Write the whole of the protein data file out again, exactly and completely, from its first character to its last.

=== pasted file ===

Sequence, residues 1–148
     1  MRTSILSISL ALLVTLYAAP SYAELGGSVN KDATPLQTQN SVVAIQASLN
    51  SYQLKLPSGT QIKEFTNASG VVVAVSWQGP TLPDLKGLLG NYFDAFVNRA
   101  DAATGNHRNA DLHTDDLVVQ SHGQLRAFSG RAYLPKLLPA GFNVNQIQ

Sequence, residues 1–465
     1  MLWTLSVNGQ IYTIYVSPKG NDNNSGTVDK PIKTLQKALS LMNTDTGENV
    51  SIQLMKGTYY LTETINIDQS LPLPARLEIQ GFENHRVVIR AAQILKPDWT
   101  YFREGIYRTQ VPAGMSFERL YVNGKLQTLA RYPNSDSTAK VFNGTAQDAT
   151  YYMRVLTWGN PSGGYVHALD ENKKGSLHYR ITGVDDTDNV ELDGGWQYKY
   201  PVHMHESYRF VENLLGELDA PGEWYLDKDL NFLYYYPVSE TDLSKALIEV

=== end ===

Sequence, residues 1–148
     1  MRTSILSISL ALLVTLYAAP SYAELGGSVN KDATPLQTQN SVVAIQASLN
    51  SYQLKLPSGT QIKEFTNASG VVVAVSWQGP TLPDLKGLLG NYFDAFVNRA
   101  DAATGNHRNA DLHTDDLVVQ SHGQLRAFSG RAYLPKLLPA GFNVNQIQ

Sequence, residues 1–465
     1  MLWTLSVNGQ IYTIYVSPKG NDNNSGTVDK PIKTLQKALS LMNTDTGENV
    51  SIQLMKGTYY LTETINIDQS LPLPARLEIQ GFENHRVVIR AAQILKPDWT
   101  YFREGIYRTQ VPAGMSFERL YVNGKLQTLA RYPNSDSTAK VFNGTAQDAT
   151  YYMRVLTWGN PSGGYVHALD ENKKGSLHYR ITGVDDTDNV ELDGGWQYKY
   201  PVHMHESYRF VENLLGELDA PGEWYLDKDL NFLYYYPVSE TDLSKALIEV